Arts and Entertainment

The Summer in Review: A Selection of Album Appraisals

A recap and review of some of the summer’s biggest albums

Reading Time: 4 minutes

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By Afra Mahmud
“Planet Her” by Doja Cat

“Planet Her” has proven to be a smashing success on TikTok, but beyond 15-second soundbites, it offers very little of interest. Doja Cat’s personality and versatility have always been her greatest assets, but she chooses to mute the quirkiness that propelled her to stardom in favor of banal throwaways. “I Don’t Do Drugs” features saturated 808s and distorted, liquidy lead melodies that clash horribly with Doja’s and Ariana Grande’s breathy refrains. “Love to Dream” has a similar issue, but the stop-and-start bassline and twittering hi-hats sound even less calibrated to the vocals. The plucky MIDI guitar pickups on “Payday” don’t deserve a description––they sound terrible. Thankfully, Young Thug’s verse is entertaining enough to save the track from being the worst on the album. That honor goes to “Been Like This,” which features pitched vocals and a leaden trap beat that was ripped straight from 2016. Its biggest crime is its absolute lack of identity; it’s a total non-starter.

There are a few moments in which Doja puts her best foot forward. “Woman” is a modern take on afrobeat, and the lyrics take a tasteful feminist twist during the bridge. “Kiss Me More” with SZA is a shameless retread of last year’s “Say So,” down to the identical chord progression, but it’s fun and catchy enough to be absolved. “Get Into It (Yuh)” is a colorful, frenetic Playboi Carti-inspired rager, and it may be her best song to date. Her varied vocal inflections are infectious and add an irreplaceable personality that the rest of “Planet Her” lacks. Overall, “Planet Her” is extremely frustrating. It’s clear that Doja Cat has a lot of talent, but she’s uninterested in utilizing it. With several chart-topping hits and Platinum records, her current strategy is working just fine for her.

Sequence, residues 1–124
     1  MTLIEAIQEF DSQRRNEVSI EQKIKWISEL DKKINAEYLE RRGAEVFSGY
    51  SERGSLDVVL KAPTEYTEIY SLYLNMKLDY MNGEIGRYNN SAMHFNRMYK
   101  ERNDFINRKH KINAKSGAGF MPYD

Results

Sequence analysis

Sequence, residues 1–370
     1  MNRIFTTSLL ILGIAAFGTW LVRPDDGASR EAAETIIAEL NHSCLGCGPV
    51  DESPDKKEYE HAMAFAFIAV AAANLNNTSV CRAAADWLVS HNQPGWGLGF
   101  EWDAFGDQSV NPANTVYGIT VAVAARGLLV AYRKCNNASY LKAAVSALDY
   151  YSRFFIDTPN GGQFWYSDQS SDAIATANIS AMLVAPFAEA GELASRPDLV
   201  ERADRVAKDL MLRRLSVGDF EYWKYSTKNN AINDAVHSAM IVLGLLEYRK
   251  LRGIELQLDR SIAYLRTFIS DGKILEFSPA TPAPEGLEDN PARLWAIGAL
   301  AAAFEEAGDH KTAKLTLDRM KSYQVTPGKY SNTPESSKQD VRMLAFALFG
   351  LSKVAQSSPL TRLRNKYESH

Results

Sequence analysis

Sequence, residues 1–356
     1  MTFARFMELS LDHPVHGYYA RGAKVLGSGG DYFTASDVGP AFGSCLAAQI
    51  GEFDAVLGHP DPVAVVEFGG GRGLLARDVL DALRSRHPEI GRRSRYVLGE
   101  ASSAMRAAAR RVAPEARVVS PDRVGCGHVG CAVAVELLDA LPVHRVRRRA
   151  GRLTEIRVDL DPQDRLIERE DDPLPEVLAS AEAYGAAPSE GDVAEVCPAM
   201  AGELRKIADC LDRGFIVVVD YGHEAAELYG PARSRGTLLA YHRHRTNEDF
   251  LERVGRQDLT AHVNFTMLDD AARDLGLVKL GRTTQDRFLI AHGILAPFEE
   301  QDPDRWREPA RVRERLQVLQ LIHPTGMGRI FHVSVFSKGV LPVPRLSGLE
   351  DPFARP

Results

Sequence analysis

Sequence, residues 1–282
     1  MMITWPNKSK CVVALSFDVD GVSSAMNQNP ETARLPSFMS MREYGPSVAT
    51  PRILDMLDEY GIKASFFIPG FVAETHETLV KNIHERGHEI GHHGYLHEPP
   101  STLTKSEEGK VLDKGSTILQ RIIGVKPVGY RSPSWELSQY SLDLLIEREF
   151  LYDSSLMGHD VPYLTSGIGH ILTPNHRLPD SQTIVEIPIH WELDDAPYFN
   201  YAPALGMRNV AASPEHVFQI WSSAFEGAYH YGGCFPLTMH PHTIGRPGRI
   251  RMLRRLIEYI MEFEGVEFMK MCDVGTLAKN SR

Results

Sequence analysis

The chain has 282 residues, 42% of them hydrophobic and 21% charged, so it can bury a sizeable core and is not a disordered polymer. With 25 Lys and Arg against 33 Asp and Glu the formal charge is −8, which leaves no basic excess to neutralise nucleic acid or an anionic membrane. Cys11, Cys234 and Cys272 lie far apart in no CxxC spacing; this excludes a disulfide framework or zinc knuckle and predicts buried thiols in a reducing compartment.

“CALL ME IF YOU GET LOST” by Tyler, the Creator

Tyler, the Creator takes some time to celebrate his journey from teenage edgelord to mature wavemaker on “Call Me,” and he achieves his goal to varying degrees of success. The project suffers from some focus issues, as Tyler bounces from reflecting on his career to sharing his perspective (or lack thereof) on racism to love songs to flexing his financial and artistic successes in rapid succession. The production matches the thematic diversity by featuring everything from classy, soulful horn sections and vocal chops to blown-out bass and grimy drum breaks. The only common thread between the myriad topics and sounds is hype man DJ Drama, who matches Tyler’s confidence and energy and adds a fun, lighthearted sense of identity to the project. His quotables lend themselves best to Tyler’s victory laps, such as “HOT WIND BLOWS,” on which Lil Wayne gives the project’s best feature with an impressive double-time flow, and “JUGGERNAUT,” on which Tyler shows off his love for Pharrell Williams with both a Neptunes inspired beat and a feature verse from Williams himself. Other highlights include the timeless charmer “WUSYANAME” and the exemplary braggadocio of “LEMONHEAD ” and “CORSO.”